#8 - An interview with writer Alison Lowenstein

literature -

#8 - An interview with writer Alison Lowenstein

Here, we celebrate intellect. And we try to learn as much as we can about our teams' disciplines from experts in the field!  To better understand literature and its importance, we interviewed Alison Lowenstein, writer extraordinaire in her home in Brooklyn, NY. Alison is the author of numerous articles (including The Washington PostMcSweeneys, and L'Chaim Magazine), guidebooks, and plays. She has written books for kids using her own name and a pen name. She has been an editor and has taught literature and writing at the college level.

CI: We’ve just shared a bit of your literature background; When and why did writing and literature become important to you, inspiring you to make a career out of it?

AL: I’ve always loved literature and reading. I was an early reader and just read all the time. When I started reading books outside of school’s assigned reading lists, it occurred to me that I could learn even more, and there was just so much out there. I picked up the "Hitchhiker’s Guide to the Galaxy" series and just loved it.

CI: Why is literature important in our society, and specifically, in education? Why should we teach our children about literature?

AL: I think it teaches them empathy. There’s only so much you can learn about an event, facts and figures and such, but then reading about people and what happened to them teaches them so much more than that.

CI: I couldn’t agree more. Especially in today’s climate, when empathy is so important to teach our children, this is critical. You and I spoke the other day, and I mentioned that I get really attached to fictional characters.  When we read about Abraham Lincoln, for example, we get a more tangible sense of history.

AL: That’s exactly what historical fiction does it brings you back to a time period. Lincoln is an endless inspiration. One of the most talked about novels of last year was George Saunders's "Lincoln in the Bardo".

CI: Who is your favorite author and why?

AL: I have so many favorites! As a teen I was into Kurt Vonnegut, but in college I discovered many female writers that inspired me including Grace Paley’s short stories and Gertrude Stein’s writing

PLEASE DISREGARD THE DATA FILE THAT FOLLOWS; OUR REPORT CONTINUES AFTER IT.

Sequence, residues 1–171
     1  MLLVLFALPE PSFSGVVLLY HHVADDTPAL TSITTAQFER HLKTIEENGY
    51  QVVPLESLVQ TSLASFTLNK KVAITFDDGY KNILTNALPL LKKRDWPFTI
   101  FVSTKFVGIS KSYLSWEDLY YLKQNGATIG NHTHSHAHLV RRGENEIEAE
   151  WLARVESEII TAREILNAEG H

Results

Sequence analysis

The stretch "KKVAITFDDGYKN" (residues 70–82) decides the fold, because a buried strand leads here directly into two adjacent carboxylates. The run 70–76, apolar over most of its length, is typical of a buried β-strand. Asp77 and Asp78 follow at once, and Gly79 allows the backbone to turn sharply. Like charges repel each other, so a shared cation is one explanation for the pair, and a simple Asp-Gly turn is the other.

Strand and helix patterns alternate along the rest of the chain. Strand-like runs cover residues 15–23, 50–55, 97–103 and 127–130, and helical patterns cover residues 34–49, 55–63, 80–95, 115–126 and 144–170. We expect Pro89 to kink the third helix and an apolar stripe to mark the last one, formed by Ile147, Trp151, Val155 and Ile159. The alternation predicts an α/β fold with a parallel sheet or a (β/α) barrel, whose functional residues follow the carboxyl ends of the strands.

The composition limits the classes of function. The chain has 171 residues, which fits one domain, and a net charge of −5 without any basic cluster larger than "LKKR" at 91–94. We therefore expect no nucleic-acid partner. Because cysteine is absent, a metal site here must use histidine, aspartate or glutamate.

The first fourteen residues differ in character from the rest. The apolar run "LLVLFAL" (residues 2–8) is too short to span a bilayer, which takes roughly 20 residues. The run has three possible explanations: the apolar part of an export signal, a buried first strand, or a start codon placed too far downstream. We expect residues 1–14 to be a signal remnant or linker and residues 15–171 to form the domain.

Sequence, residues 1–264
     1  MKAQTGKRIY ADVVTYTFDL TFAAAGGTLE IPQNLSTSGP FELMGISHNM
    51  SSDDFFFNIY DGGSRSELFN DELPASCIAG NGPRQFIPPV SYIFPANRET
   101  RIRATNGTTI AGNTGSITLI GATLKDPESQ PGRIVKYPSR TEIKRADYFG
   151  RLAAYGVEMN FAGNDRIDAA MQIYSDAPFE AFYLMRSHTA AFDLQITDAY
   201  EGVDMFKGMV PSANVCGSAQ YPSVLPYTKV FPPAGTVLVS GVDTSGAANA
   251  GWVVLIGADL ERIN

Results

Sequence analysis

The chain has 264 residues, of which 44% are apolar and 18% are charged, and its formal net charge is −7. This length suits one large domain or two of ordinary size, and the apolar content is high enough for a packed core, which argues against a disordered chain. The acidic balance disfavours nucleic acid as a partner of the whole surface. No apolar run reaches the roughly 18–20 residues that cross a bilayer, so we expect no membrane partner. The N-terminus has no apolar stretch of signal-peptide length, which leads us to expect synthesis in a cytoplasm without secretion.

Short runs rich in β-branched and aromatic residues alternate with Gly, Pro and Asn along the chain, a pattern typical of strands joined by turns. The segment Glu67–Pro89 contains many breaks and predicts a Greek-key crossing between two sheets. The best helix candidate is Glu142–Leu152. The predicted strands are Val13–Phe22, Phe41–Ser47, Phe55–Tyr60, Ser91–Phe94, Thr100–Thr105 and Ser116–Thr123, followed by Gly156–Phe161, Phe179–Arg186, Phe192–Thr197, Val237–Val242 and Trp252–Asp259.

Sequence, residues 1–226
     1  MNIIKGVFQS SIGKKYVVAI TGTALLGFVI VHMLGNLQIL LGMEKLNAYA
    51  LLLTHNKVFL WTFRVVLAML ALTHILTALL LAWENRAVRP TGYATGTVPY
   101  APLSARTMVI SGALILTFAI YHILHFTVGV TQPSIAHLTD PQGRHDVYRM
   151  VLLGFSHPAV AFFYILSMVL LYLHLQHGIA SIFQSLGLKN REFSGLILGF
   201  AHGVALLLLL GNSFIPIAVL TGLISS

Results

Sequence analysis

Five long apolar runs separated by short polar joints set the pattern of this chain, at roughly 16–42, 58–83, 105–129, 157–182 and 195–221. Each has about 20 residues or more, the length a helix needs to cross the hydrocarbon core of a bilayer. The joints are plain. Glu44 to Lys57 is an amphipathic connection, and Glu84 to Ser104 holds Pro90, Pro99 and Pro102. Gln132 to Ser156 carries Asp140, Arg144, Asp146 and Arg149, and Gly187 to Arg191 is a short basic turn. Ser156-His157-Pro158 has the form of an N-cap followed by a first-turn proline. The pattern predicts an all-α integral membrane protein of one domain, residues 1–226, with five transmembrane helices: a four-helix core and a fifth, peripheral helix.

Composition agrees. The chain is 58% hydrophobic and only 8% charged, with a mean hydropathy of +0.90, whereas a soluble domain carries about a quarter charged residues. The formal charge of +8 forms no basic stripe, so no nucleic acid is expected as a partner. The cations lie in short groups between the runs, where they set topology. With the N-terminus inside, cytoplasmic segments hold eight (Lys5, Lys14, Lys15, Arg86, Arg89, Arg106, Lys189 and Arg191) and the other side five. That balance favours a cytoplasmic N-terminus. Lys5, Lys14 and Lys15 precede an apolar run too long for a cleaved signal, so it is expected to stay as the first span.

CI: Right now in the shop, TeamLIT includes Chaucer, Homer, Dante, Shakespeare, and Tolstoy. (Side note: more coming this week, including some female representation! You should see an Austen and a Bronte in the shop by week’s end.) Is there anything interesting about any our Team LIT roster you’d like to share with our audience?

AL: Well, I could talk for hours about Shakespeare, but I think Tolstoy is a great example of how literature is timeless.  A small portion of his “War and Peace,” for example was reexamined and brought to life in a wonderful show here in New York called “The Great Comet.”

CI: Sorry to interrupt, but I’m an avid theater-goer! How can I see that show?

AL: Well, it’s not showing any more, but you can try to look for recordings or the music from it – it was such a good show! But I think that’s an example of how timeless great stories can be.

CI: Absolutely. And one of the things I love about the topics we discuss here at Celebrate Intellect is the intersection of the various disciplines. How we learn about history through literature or math through philosophy, that sort of thing. So thank you for pointing this out and giving me a new musical to research and enjoy!

CI: Ok, last question. Do you have any advice for young or aspiring writers? How can they become “the next Alison Lowenstein, accomplished writer?”

AL: Well, I haven’t made it! I’m just a working writer. I’m so grateful that I can work and pay my bills doing something I love [editor's note: we think that means you've "made it" as a writer!], but the answer for writers today is to just WRITE. There is no secret sauce, just do the work. And there are so many platforms today that weren’t around when I was just getting started, when I had to print everything out and submit hard copies. Today, you can put stuff on twitter, submit on submittable.com, build your own audience online – but that’s not a substitute for quality. You still have to put in the work and hone your craft.

CI: Thank you so much, Alison, for joining me today and discussing this important topic!

AL: Thank you for doing this – I think it’s great what you’re doing. It’s inspiring.

CI: Aw, shucks. 😊


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